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and power; by none of them, were many induced to commit themselves, and that in contradiction to prior opinions, to a life of mortification, danger, and sufferings; none were called upon to attest them, at the expence of their fortunes and safety *.

* It may be thought that the historian of the Parisian mi. racles, M. Montgeron, forms an exception to this last assertion. He presented his book (with a suspicion, as it should seem, of the danger of what he was doing) to the king; and was shortly afterwards committed to prison; from which he never came out.

Had the miracles been unequivocal, and had M. Montgeron been originally convinced by them, I should have allowed this exception. It would have stood, I think, alone, in the argument of our adversaries. But, beside what has been observed of the dubious nature of the miracles, the account which M. Montgeron has himself left of his conversion, shows both the state of his mind, and that his persuasion was not built upon external miracles.-“ Scarcely had he entered the churchyard, when he was struck,” he tells us, awe and reverence, having never before heard prayers pro. nounced with so much ardour and transport as he observed amongst the supplicants at the tomb. Upon this, throwing himself on his knees, resting his elbows on the tomb-stone, and covering his face with his hands, he spake the following prayer : Othou, by whose intercession so many miracles are said to be performed, if it be true that a part of thee sur. viveth the grave, and that thou hast influence with the Almighty, have pity on the darkness of my understanding, and through his mercy obtain the removal of it.Having prayed thus,“ many thoughts," as he sayeth, “ began to open themselves to his mind; and so `profound was his attention, that he continued on his knees four hours, not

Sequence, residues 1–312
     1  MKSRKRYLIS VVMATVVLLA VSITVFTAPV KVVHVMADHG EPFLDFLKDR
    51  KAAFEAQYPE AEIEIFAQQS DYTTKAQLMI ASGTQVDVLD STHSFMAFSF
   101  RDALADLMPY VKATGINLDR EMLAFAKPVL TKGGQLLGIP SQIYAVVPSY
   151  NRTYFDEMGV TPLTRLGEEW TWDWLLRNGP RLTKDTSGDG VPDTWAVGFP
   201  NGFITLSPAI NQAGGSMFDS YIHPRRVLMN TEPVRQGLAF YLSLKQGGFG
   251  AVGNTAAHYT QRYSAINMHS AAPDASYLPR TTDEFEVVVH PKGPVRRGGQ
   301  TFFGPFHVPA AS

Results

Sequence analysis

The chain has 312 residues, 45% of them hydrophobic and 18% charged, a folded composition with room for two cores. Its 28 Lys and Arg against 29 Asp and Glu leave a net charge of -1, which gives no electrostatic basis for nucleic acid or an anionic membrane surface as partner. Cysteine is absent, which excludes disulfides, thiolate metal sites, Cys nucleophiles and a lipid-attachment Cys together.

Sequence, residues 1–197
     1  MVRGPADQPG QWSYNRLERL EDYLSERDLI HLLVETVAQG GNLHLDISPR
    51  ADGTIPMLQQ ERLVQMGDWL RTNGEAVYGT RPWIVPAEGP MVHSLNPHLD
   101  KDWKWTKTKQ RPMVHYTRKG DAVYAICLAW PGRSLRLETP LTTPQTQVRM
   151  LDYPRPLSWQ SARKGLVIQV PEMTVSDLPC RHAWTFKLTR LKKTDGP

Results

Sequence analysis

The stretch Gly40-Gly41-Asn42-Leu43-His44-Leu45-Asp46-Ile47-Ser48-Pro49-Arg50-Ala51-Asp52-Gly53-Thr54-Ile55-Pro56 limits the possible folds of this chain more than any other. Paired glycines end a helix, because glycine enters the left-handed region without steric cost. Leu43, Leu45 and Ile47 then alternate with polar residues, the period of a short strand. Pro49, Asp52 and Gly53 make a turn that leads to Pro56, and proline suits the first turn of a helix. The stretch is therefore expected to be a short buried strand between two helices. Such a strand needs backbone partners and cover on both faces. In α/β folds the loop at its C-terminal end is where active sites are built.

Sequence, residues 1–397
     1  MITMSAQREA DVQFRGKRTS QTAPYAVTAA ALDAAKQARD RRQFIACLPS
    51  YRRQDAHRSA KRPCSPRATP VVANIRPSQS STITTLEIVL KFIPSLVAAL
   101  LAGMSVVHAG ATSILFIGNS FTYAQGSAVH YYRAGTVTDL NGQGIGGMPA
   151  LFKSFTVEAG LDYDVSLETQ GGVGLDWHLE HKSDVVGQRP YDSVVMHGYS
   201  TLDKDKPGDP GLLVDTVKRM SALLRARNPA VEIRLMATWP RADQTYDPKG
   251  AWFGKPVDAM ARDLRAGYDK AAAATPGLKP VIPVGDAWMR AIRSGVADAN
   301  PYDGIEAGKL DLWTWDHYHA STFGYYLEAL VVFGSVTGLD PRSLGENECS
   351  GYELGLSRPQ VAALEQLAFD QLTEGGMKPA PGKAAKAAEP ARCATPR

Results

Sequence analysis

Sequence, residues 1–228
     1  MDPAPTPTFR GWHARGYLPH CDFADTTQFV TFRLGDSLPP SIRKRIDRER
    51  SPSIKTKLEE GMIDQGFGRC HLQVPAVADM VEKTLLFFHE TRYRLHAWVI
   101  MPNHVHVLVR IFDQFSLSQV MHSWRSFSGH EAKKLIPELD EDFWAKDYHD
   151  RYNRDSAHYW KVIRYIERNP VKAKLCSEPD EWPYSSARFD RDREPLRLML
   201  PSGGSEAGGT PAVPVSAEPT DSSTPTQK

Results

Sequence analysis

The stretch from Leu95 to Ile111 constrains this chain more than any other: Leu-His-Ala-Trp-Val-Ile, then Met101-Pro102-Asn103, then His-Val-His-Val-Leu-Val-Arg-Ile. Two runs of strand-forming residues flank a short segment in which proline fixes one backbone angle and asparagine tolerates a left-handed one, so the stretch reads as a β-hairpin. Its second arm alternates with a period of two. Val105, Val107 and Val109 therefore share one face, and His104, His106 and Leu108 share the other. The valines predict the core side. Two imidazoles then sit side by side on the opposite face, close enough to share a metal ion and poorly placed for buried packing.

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in the least disturbed by the vast crowd of surrounding supplicants. During this time, all the arguments which he had ever heard or read in favour of Christianity, occurred to him with so much force, and seemed so strong and convincing, that he went home fully satisfied of the truth of religion in general, and of the holiness and power of that person, who," as he supposed, “had engaged the Divine goodness to en. lighten his understanding so suddenly." Douglas's Crita of





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Edinburgh, 1811.

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